Project Development Studio: Physical Interaction
Instructor: Tom Igoe
This course is an environment for students to work on project ideas that may fall outside the topic areas of existing classes. This particular studio is focused on projects involving extended physical interaction. Students are expected to present a project description on the first day of class. They work together with the class and the instructor to develop a production plan for their project. Weekly class meetings consist of critique and feedback sessions on individual and group projects, and breakout sessions with students working individually or in groups with people working on similar projects. As technical topics of general interest emerge, the instructor takes class time to cover them. Students are expected to show their projects multiple times during the semester, test the projects in stages, and get feedback from both class members in class and from the audience for whom their projects are intended, outside of class.
The focus of the studio is on physical interaction: namely, what does the person experiencing your work do, and what does the work do in response? If the answer is "Nothing, they just watch", or "the work doesn't respond," then there is no interaction. Much of the discussion about projects will focus on this.
If you are working on your project for this class as part of another class as well, you will still be expected to meet the schedule and the goals and focus of this class in your work.
Class 1: Jan 26
Introductions, speed dating style. Everyone will explain their project to everyone else in 2-3 minute chunks. Then we'll introduce each other's projects to the class, also in 2-3 minute chunks.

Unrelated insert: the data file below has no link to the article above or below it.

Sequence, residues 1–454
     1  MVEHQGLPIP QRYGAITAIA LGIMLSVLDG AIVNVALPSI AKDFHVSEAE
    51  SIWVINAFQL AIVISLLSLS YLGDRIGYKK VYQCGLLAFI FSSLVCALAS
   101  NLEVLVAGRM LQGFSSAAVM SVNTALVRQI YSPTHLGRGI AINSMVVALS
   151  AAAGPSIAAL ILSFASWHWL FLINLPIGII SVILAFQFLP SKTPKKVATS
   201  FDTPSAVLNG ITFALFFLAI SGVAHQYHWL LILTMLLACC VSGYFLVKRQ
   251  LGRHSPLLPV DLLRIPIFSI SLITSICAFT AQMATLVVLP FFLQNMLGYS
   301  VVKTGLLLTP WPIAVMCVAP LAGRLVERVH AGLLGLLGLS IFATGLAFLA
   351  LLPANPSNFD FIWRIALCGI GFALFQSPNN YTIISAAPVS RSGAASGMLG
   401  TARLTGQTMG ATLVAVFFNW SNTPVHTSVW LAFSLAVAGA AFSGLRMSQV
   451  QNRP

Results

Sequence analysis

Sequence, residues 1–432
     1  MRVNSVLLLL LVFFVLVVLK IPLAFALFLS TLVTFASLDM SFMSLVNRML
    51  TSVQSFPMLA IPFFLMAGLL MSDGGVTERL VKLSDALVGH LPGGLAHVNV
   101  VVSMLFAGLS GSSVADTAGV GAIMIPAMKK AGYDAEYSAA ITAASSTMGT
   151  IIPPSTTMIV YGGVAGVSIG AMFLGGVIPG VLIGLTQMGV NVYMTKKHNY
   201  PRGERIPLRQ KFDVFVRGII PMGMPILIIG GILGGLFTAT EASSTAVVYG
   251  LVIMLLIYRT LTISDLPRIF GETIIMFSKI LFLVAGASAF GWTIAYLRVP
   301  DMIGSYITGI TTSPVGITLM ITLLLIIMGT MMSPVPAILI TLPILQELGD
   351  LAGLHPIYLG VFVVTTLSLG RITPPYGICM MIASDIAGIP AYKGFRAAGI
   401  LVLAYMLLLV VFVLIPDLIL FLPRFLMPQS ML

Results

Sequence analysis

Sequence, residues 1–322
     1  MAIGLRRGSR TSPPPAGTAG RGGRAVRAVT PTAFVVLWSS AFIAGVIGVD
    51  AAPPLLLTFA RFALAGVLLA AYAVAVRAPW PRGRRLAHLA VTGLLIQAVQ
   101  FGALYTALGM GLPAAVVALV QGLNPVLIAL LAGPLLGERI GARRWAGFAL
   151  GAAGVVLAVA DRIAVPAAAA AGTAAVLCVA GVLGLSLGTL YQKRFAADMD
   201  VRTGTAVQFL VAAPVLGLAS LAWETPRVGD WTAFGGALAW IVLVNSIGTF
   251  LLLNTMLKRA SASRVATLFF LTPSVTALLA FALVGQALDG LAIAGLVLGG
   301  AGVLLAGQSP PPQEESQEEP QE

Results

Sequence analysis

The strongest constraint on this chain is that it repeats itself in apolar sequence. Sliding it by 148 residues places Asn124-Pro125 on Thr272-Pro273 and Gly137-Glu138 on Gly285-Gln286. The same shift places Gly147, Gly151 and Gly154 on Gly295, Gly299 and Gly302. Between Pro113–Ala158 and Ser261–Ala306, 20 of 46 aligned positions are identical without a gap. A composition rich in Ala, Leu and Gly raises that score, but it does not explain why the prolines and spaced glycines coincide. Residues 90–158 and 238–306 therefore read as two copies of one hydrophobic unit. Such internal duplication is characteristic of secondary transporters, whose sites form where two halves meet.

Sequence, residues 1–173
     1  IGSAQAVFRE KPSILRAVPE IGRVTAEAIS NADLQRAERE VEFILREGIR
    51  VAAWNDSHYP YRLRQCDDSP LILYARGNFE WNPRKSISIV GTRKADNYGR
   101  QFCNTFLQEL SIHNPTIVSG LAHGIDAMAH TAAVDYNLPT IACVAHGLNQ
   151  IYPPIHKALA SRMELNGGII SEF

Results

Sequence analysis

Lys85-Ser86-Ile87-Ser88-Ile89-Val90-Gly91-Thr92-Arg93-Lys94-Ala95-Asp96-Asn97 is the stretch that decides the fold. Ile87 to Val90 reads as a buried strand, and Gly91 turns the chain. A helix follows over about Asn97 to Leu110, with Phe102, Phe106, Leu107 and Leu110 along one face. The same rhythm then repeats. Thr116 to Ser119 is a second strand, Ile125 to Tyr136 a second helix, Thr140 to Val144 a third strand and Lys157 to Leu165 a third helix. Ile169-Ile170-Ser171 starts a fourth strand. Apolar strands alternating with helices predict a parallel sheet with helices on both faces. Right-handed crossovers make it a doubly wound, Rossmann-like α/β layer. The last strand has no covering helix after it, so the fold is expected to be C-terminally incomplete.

Class 2: Feb 2
Brainstorming and questions. If there are specific techniques you need to know about for your project, or unresolved questions you'd like to bring up with the class, this is the time to do it. Bring in what you have done so far, so we have something to begin the discussion. Use this week as a chance to fully formulate your project description, because next week you'll re-introduce it to the class formally.
Class 3: Feb. 9
Re-introductions. Describe your project to the class:
If you are not presenting, take notes on the presentations in the class wiki, including any questions you have or notes that may be useful to the presenter. Question time for each project will be short, so your notes will be necessary for feedback.
Class 4: Feb 16
Project review in the wake of introductions. This week we'll arrange working groups for the next three weeks based on project needs and people's skills.
Class 5: Feb 23
Group work. For the next three weeks, each of you will be given a team of people from the class. We'll focus on five projects per week. You'll have 90 minutes to get the team to work for you on your project. Plan out what you need them to do for you. You can have them do research on how to realize the project. You can have them program, or build with you. You can have them try prototypes you've built, and respond in depth with comments. Whatever you need them to do now is fair game, as long as you summarize the team's work and how it's advanced your project at the end of the 90 minutes.
At the end of the 90 minutes, we-ll re-assemble and you'll summarize what your team achieved, and what's to be done next. 10 minutes per team report.
Your team will rotate roles through the next three weeks, so keep in mind that whoever you're assisting in one week will be assisting you the next week.
Class 6: Mar 2
Group Work week 2
Class 7: Mar 9
Group Work week 3
Spring Break: Mar 16
Class 8: Mar 23
Outsider project review. This is a chance to present your project, which should be fully described at this stage, to guests knowledgeable in this area, but unfamiliar with your work. Use it as a chance to explain your work thoroughly and clearly. Have your partner note all of the guest's questions, so you can review later what was not clear, and what assumptions you may have been making that are not clear to those outside the class.